I really liked this book - although it came at the tail end of a 'Southern Angst" reading jag that included this as well as Light In August, The Moviegoer and To Kill a Mockingbird

Although Heart certainly considers issues of poverty, racism, bigotry and discrimination (of all kinds) the book is really about loneliness - and self-imposed loneliness at that.  All four main characters are suffering from discrimination of one kind and another - due to race, disability, gender and socio-political standing.... but what they really are is lonely in their hearts. 

For whatever reason, they all find solace in Singer, the deaf mute.  But although he brings comfort to the others, they bring none to him. 

Ultimately, I didn't find this to be an uplifting book, but it is not without hope and somehow, the spiritual isolation and economic squalor which overwhelm the characters rather limits any belief that the book would have a happy ending.  The ending felt 'right' to me and I hoped that the surviving characters were able to find comfort and peace as they continued to search for an end to their loneliness.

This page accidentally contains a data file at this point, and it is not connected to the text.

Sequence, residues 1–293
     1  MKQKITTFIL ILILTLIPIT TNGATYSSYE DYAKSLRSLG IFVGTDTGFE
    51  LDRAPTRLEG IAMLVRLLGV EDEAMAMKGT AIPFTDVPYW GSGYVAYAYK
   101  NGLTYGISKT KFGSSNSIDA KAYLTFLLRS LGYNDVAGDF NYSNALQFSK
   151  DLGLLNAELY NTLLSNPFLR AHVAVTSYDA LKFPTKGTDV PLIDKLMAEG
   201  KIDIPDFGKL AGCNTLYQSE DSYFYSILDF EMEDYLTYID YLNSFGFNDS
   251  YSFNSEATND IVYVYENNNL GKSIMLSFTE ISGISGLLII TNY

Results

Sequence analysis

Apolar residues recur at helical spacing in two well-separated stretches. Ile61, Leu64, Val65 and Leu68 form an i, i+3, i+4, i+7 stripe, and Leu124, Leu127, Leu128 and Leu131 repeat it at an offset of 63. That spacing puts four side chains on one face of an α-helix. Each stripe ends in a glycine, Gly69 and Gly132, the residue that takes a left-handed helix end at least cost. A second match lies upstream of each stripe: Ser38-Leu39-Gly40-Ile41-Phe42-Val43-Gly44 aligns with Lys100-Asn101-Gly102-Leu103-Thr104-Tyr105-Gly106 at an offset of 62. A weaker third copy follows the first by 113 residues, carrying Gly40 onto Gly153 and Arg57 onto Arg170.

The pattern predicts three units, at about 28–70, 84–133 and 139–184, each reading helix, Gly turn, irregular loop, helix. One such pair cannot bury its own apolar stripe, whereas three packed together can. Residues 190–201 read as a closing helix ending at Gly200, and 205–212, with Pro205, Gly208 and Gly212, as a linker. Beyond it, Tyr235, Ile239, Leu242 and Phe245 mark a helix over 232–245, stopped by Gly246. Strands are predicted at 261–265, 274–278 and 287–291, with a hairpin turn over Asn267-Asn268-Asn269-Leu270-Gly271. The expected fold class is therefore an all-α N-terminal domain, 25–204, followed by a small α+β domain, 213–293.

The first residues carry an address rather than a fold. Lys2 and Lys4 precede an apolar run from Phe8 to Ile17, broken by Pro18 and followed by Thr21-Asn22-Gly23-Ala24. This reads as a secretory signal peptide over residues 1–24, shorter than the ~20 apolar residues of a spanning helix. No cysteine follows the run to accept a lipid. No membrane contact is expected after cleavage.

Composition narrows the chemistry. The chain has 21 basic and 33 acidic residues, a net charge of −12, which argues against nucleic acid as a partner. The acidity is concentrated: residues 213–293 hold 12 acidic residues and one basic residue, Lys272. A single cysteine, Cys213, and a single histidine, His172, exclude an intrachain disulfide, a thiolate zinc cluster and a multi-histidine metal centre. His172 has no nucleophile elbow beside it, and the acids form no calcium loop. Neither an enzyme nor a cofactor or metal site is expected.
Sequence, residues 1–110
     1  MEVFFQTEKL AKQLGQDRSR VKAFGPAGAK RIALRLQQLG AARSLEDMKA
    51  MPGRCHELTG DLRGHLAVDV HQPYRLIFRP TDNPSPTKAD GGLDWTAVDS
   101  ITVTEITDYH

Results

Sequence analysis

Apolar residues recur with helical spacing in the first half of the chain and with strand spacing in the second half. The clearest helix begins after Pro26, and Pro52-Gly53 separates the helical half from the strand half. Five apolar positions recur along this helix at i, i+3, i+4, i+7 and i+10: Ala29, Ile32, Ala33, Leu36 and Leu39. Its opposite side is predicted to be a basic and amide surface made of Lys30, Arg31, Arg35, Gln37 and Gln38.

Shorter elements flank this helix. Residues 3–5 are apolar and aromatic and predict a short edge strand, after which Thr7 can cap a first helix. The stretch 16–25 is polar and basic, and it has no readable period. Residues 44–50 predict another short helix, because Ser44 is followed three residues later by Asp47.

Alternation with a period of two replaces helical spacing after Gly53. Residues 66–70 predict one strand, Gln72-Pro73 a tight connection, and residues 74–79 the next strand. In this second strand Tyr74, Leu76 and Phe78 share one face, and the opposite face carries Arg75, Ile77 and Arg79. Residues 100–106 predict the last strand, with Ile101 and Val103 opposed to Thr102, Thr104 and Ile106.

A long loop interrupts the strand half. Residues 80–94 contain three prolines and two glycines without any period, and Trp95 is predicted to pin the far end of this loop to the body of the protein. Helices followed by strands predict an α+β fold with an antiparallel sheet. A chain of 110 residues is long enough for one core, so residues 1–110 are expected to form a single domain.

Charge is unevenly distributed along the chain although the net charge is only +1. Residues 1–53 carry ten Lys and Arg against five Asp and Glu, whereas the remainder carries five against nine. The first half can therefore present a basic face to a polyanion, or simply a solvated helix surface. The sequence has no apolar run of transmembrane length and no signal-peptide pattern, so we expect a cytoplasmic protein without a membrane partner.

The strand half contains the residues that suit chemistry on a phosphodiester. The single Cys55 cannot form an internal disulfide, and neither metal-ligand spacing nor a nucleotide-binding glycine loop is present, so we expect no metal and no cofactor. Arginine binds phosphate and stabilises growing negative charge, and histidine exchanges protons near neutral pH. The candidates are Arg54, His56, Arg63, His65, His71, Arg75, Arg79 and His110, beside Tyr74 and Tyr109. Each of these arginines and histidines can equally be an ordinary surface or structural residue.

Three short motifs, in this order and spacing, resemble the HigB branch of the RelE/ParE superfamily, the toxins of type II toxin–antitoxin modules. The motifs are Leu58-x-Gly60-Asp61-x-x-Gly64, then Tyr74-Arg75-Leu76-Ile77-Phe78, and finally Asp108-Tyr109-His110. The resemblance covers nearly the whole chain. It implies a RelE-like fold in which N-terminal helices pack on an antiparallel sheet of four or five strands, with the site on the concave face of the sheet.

So I'm glad I read it. 

In case you're keeping up, I have three books left on my 'official' list:  The Invisible Man, The Assistant and Blood Meridian

This Charming Handbag

Helloooooooo Gorgeous!

The Preppy Faridah by Marc by Marc Jacobs.

This may be it.  I need to inspect it in captivity.....


Wednesday - Run Away Without Leaving Home

Image:  Torn Poster 1 - Hull by Gill Ford Photography.

Out and About in Charlotte

I love Cafe Monte.

Any place where I can get French food and a Paris vibe is on my list.   The fact that its in my neighborhood is gravy.  The fact that they will give you such a good weekend brunch just knocks them out of the park!

A Little Extra Big 80's

I saw this album (that's right - pure - T Vinyl) for sale at the Antique Mall last weekend.....

It made me ridiculously happy. 

It's just SOOOOO Nineteen Eighty One!

Charming Words

Piv-ot [piv-uht]


a whirling about, on one foot
Image:  The Twist 2 by Julie Linz Photography.


Tuesday's Girl